Direct Mail

Personalizing Your Nonprofit's Communications

Not long ago, Facebook unveiled a new feature with great pride—the "Year in Review."

The concept seemed brilliant on the surface. Facebook pulled highlights from your year and created a slideshow for you to share with friends. Problem was, the slideshow feature was completely automated, and it created the slideshow from WHATEVER you posted, happy or sad moments. For Eric Meyer, who lost his six-year-old daughter to brain cancer, Facebook automated a painful reminder of a trauma. Even worse, the automated slideshow ended with a default tagline: “It’s been a great year! Thanks for being a part of it.” 

Facebook is a dramatic example of an automation fail, but it serves as cautionary tale for the rest of us.

Let me start by saying that personalized communications are not the big bad wolf. Fact is, they work well. In fundraising, for example, testing has shown that increased personalization consistently yields stronger performance.

But many nonprofit organizations, in a rush to get to see the benefits of the personalization, make some pretty serious missteps. Personalizing your communications is meant to say to a constituent: "We know you. We care about our relationship." When the personalization goes awry, the exact opposite message is conveyed: "You are a number, and we use machines to communicate with you."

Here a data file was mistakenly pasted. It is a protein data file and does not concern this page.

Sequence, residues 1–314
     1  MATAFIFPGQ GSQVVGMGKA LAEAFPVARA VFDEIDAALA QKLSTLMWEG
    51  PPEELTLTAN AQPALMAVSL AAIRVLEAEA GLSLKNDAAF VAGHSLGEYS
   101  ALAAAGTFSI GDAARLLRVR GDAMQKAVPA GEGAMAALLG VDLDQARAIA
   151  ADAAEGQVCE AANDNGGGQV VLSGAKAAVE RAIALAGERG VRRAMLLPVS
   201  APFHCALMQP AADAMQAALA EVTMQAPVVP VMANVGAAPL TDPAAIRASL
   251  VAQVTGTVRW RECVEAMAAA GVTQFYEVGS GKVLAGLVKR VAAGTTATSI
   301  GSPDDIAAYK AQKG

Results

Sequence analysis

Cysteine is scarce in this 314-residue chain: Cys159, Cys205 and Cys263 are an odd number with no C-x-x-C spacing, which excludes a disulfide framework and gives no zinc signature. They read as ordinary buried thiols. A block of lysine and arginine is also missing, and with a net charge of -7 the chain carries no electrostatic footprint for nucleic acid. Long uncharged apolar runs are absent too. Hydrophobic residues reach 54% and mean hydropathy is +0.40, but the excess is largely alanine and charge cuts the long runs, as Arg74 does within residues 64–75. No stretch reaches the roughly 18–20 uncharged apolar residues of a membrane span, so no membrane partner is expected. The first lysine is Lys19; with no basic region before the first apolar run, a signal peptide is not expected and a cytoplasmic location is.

Here a few simple tips to make the most of your personalization efforts. 

1. Remember This Mantra: Garbage In, Garbage Out—The ability to execute personalization boils down to one key: the integrity of your data. If it is bad, then your communications will reflect it. Things to watch out for: incomplete fields, data in wrong fields, improper capitalization, incomplete donor history, wrong gender in record, etc. Err on the side of using data you can rely on 100%.

2. Test and Then Test Again—Many blunders happen due to sheer lack of testing. At M&C, when we test email, we conduct live sends to see exactly how the system will generate the email. Be sure to complete and personalize default information for those fields that are blank. Nothing worse than "Dear ." In direct mail, ask your printer to run off a few samples of letters and response forms to using names from your actual list. This is essential.

3. Turn to an Expert—Yes, DIY is all the rage, but this is one area where your organization would benefit from the counsel of an expert who has done this before ... and knows what to watch for. Ask around for a solid reference and ask lots of questions.

I advise you to start small in your personalization and build on your successes from there. And remember, the relationship is what's important. The personalization can simply help strengthen, or weaken, it. Use it for good.

Auditing Your Direct Mail: 3 Ideas for Improvement

A lot of nonprofits look to M&C to review and critique their direct mail. Creative audits are one of our favorite types of projects. It's gratifying when relatively small changes dramatically improve results, as is often the case.

Here are a few of the consistent pitfalls we see nonprofits make with their direct mail: